Have you ever sat in the parking lot of the grocery store and just hoped and prayed that food would magically drop into the back seat of your car? Like, fully packed bags would come flying out those electric doors and in through my rear window? This idea is a weekly fantasy of mine.
In the world of things I like (or even tolerate) doing, going to the grocery store is not one of them.
I can think of 54 million reasons not to go for days on end. I can put it off over and over and over. And when things get too bad, I can still look like a domestic hero because, ladies and gentlemen, Panera Bread now delivers! Yes, it does, and the world is a happier and more beautiful place because of it. A “healthyish” dinner brought to my doorstep in 20 minutes.
But I have real issues with going to the store, and I want to take a moment to break down why I so passionately dislike such a simple and common task. I need to do a little self-analyzation.
This starts with an honest look at my grocery shopping experience earlier this week.
Step 1. Get in my car and drive and drive and drive the 1.6 miles to my local store.
Once arriving from my exhausting journey, I have to get out of the car, walk a very long way (because, of course, there are no close parking spots) and go inside. Already there is potential for blisters, pulled muscles or being struck by lightning (OK, it wasn’t raining, but it could have been).
Step 2. Enter store, ponder cart selection and begin the trudge through 783 aisles of food.
I carefully select foods that will probably go bad in my fridge but will make me look like a better mom (and human) should I run into anyone I know — I mean, come on, I know, and you know, we look in each other’s baskets. Food selection and aisle traveling should be listed as a cardio choice in a fitness app — walking, yoga, biking, grocery store. (I’ve never actually looked at a fitness app, but it would be awesome if it was in there.)
Step 3. Check out.
I give $4,987 to the checkout lady because healthy food that allows me to impress fellow shoppers also costs more than I earn each week. Granted, I am not making any money right now because deciding to write a book and leave your job does not pay well, yet.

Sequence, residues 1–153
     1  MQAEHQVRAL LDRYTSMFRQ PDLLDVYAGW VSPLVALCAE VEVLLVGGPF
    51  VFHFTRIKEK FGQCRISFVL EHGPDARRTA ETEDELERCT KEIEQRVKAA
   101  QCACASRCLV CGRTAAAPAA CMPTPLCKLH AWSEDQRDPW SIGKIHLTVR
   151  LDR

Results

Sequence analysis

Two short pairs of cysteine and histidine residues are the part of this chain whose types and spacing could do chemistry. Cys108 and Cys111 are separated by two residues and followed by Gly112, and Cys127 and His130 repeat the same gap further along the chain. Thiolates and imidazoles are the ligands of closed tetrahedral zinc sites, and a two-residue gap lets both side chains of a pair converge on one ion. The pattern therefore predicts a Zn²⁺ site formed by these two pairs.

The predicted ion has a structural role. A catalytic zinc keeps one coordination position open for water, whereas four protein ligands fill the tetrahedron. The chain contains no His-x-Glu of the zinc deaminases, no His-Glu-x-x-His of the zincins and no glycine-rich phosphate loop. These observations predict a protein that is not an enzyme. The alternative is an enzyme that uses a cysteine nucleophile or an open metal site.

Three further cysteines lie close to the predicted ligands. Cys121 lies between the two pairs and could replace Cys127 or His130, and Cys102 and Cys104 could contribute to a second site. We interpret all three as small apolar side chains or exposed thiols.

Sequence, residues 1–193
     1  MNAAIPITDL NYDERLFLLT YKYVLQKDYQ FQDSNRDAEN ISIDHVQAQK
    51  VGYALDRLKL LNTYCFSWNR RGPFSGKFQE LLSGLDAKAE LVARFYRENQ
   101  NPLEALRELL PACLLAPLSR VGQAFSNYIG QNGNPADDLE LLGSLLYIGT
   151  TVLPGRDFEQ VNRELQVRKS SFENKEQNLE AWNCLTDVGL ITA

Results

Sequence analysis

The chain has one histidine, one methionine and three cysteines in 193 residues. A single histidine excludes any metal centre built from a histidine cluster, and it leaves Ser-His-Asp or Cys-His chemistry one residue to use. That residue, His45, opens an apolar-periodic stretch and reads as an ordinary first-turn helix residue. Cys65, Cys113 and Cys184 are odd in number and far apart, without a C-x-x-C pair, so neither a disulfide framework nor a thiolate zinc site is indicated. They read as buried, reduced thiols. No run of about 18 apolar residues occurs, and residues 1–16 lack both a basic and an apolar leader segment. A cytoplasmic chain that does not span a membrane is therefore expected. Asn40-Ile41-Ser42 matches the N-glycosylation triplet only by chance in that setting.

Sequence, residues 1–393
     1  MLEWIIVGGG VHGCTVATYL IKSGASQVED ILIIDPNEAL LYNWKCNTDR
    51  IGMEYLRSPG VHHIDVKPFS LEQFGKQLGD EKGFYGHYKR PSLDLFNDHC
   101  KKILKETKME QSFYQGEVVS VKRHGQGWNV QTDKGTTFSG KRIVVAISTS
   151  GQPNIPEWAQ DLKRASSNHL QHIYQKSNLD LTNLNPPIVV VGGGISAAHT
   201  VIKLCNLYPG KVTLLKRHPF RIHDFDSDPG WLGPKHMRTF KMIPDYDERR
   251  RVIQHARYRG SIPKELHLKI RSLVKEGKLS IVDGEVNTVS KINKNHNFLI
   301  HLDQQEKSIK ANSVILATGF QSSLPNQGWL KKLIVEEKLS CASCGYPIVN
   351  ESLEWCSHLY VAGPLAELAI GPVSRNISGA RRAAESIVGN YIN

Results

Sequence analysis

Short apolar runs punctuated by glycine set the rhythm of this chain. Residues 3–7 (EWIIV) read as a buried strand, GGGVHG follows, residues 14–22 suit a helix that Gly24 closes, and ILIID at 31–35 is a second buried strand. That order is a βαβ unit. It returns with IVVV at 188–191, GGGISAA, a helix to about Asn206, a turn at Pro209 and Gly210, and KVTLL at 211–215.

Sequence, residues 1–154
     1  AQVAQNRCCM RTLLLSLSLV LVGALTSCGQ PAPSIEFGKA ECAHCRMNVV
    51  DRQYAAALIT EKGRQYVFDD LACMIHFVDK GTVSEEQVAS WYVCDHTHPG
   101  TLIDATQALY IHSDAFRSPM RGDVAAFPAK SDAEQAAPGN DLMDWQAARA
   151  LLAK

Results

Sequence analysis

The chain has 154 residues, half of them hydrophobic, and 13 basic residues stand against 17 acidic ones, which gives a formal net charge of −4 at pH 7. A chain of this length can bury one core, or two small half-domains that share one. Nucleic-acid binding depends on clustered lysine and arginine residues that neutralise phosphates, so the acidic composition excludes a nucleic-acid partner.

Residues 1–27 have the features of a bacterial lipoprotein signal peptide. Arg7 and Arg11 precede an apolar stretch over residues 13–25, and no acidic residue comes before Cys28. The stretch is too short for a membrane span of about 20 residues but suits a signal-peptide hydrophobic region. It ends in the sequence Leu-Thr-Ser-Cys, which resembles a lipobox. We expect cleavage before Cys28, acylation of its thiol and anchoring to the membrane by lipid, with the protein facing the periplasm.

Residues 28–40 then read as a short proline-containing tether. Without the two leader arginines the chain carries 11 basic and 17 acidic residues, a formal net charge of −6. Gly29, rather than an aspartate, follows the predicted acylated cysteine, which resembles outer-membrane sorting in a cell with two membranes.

Step 4. Load 52 58 lb bags (each) into my car.
Dodging cars, potholes, and stray lightning bolts, I return my shopping cart to the “cart return” 6.8 miles away.
Step 5. Drive the entire 1.6 miles back to my house and unload bags. Total estimated weight: 3,016 lbs.
This step MUST be accomplished in one trip. Load bags between both hands, forearms, and underarms. I am weak, I am a loser and a poor manager of time if I have to take more than one trip between my car and my house. I do everything in my power to avoid a second round.
Step 6. Unload items from my bags and put them away.
Important note: groceries multiply once they are taken out of the bags. If you purchase ten items, you will put 23 items on your counter — and each one needs to be put away. Every place I look is full. I rearrange my fridge, cabinets, and drawers to accommodate everything.
Step 7. Sit and relax, basking in the knowledge that I accomplished something great today.
Step 8. Basking ceases as my child walks in and asks for only items I did not purchase. As always, these are items I was asked to buy but forgot about.
Step 9. Cry, try to bribe the 11-year-old child to take the car because I just can not do all of that again. Child declines and the nightmare continues. It is a vicious circle.
Or is it?
I hope you can hear my heart on this: grocery shopping is grueling and exhausting. It’s never made me feel like a better woman for having done it, and not once have I felt any joy from a grocery store. Which is why my world changed a little 56 hours and 22 minutes ago…
That is when Kali Brigham told me that I could order online and they will DELIVER MY GROCERIES to my house! I know you big city folks have had this service for a while, but we have not.
In the lineup of BEST NEWS EVER this was right below “Jesus Saves Lives.”
Jesus loves me, and my groceries will be delivered … can life get any better?